Monday, December 04, 2017

UWE presentation December 2017

Link to my presentation to students at UWE on December 5th 2017

PDF presentation on DropBox

Saturday, September 23, 2017



A lovely day at South Petherton Hospital where we unveiled a bench in memory of Dorothy Hudson, who sadly died not long ago.

Dorothy and Mary Robertson worked tirelessly side by side at the old hospital before it fell down (or some of the ceilings did), and were a constant thorn in the side of the authorities to make sure a new hospital replaced the old one. Since then they have been an inspiration to many in the hospital and in the local community.

We will miss Dorothy, and of course so will Mary. We all said a few words, Sister Heather Ancill assisted in cutting the ribbon, and I was very pleased to meet more of Mary's family who came for this really moving occasion.


Thursday, September 14, 2017

South Petherton Hospital League of Friends

An article for local newsletter about our League of Friends

South Petherton Hospital League of Friends

The League is a small dynamic charity that is run entirely by volunteers who are passionate about the hospital and its local community. Our members support The League through their annual subscriptions and are kept up to date with the League’s valuable activities through our website, newsletters and events.


  
The old hospital that many (if not most) of us have had reason to be grateful for was replaced by a wonderful new facility after structural failures. It had served the community well for over 40 years.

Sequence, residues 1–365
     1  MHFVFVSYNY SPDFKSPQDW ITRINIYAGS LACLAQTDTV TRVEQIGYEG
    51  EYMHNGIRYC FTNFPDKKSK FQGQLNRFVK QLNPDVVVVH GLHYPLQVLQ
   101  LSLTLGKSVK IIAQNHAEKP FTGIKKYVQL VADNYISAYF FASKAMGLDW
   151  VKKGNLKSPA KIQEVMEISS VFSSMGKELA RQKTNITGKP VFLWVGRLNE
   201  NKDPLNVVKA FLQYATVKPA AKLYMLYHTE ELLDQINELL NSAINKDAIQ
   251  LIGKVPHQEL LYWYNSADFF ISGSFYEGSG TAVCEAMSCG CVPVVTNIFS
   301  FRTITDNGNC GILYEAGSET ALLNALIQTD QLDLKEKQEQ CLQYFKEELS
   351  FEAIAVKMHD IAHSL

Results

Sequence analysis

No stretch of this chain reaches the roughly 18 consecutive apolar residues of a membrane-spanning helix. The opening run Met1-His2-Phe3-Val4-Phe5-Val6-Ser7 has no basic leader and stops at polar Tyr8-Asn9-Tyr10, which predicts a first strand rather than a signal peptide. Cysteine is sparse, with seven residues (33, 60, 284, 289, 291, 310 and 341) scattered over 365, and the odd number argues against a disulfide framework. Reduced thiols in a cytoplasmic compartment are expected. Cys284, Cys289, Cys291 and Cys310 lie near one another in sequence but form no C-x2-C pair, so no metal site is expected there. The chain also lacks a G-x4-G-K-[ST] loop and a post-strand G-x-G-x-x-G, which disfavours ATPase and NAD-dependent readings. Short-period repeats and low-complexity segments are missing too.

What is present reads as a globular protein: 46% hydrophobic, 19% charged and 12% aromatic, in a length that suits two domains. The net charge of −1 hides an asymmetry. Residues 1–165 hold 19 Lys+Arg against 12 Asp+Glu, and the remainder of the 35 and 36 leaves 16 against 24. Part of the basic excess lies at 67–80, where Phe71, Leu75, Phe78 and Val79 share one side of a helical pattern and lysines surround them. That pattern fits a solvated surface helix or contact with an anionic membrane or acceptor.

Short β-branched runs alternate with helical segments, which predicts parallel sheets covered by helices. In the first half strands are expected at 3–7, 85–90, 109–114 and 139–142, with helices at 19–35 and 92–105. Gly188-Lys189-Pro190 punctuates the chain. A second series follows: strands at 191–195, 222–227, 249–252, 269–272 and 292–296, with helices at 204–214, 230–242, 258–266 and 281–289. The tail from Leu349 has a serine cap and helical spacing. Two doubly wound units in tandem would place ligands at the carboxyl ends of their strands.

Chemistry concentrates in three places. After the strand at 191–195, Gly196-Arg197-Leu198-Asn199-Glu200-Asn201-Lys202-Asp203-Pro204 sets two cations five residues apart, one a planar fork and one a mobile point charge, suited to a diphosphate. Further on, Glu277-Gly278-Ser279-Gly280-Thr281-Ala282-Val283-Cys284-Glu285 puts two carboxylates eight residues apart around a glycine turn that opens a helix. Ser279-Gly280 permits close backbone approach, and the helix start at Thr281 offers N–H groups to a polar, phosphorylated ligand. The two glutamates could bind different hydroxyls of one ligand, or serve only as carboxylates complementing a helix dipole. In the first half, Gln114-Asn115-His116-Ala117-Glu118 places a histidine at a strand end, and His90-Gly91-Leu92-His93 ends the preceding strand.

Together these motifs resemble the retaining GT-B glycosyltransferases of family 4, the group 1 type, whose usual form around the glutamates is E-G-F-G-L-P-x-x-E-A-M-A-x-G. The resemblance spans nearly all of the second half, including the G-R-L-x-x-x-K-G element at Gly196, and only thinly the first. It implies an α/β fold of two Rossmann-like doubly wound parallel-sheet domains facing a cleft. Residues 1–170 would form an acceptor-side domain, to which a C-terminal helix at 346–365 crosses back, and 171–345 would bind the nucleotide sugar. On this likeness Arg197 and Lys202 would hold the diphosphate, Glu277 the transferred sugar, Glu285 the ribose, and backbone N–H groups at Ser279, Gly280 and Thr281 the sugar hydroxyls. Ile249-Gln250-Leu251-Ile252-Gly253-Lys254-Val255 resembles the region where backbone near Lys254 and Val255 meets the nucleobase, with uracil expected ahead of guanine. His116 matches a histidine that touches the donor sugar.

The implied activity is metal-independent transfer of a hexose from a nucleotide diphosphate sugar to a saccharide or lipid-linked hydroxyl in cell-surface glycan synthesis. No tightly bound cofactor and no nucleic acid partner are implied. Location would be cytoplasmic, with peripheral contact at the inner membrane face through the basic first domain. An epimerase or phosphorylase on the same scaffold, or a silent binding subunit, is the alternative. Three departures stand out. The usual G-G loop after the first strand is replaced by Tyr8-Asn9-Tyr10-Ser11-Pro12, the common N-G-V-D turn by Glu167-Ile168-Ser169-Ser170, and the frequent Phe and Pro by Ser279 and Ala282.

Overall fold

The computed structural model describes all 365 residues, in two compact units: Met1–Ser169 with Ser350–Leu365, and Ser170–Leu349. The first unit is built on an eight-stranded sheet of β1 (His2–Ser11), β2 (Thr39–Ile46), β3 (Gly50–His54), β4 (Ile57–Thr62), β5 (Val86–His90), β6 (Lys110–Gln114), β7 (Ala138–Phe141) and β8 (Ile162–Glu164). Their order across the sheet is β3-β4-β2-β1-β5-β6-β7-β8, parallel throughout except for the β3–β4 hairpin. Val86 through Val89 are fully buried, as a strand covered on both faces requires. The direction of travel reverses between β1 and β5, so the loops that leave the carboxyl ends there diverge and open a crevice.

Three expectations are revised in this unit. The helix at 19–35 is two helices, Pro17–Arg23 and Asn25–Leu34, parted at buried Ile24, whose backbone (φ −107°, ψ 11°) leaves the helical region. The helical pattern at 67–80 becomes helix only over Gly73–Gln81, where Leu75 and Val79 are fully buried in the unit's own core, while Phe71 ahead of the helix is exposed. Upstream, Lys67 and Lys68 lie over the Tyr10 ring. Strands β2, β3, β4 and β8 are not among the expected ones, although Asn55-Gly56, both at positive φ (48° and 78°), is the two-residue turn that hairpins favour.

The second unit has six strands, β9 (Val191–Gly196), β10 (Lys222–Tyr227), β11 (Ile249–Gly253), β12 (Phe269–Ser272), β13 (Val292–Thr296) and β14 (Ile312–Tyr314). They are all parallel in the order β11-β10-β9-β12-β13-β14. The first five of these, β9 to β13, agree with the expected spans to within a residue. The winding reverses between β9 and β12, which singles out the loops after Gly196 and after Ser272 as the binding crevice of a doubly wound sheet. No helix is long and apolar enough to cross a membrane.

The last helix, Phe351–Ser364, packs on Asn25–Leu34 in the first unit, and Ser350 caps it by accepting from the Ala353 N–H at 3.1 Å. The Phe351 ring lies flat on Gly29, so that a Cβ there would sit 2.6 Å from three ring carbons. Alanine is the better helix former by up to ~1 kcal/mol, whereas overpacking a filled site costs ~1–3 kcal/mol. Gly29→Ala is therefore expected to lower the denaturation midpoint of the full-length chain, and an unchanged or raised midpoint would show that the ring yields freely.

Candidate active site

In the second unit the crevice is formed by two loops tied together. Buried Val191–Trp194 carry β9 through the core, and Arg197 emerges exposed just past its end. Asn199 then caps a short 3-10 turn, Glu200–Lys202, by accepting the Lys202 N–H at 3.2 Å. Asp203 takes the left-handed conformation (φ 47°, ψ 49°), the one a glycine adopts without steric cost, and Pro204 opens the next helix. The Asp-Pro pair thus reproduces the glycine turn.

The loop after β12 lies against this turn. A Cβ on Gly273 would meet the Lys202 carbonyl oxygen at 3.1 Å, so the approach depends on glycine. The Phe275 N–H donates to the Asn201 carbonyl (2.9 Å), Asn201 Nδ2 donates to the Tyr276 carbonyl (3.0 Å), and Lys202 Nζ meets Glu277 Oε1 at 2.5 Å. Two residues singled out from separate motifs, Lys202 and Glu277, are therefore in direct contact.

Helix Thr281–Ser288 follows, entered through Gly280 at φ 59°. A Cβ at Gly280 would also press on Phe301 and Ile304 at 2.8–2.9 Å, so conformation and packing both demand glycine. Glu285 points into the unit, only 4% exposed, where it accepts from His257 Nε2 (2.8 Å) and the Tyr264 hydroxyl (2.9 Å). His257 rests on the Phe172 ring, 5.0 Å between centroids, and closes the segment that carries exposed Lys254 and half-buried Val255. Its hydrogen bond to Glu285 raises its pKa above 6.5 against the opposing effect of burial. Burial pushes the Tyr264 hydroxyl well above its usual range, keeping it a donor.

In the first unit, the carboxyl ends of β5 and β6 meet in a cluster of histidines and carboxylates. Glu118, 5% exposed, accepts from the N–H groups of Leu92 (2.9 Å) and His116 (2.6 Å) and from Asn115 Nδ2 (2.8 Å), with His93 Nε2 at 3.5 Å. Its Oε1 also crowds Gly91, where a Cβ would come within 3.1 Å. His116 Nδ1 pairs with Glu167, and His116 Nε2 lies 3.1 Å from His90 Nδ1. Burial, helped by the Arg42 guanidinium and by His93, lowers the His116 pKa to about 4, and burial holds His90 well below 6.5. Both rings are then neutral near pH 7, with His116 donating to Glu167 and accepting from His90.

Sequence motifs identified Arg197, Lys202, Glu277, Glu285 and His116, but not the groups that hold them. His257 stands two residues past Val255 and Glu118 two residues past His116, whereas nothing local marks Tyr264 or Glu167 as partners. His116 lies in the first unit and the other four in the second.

The new hospital has 24 inpatient beds of which 16 are dedicated to specialist stroke rehabilitation. The hospital has one ward, The Mary Robertson Ward. As well as inpatients the hospital caters for outpatients with 100 people or so every day receiving treatment in from a range of specialist units, or being taken through diagnostic tests.

The matron since 1975 was Mary Robertson, who is a legend. Her dedication and passion for the hospital was recognised when a ward was named after her not just in the old hospital but the new one as well.

Mary was for many years the Chair of the League of Friends and we are so grateful for the inspirational way she worked on linking the hospital with the community at large. This is work that we wish to continue and it is a delight to be able to share our plans with Mary and get her advice.

The league has a charitable intent that spreads wider than just the inpatients or the hospital itself. Our object is ‘to relieve patients and former patients of the Hospital and other invalids in the community who are sick, convalescent, disabled, handicapped, infirm or in need of financial assistance and generallto support the charitable work of the Hospital.’ This is a wide remit and we approach each of its aspects very seriously;  a committee elected by the members at our Annual General Meeting works very hard to generate funds to pass on for the good of patients, staff and the community at large.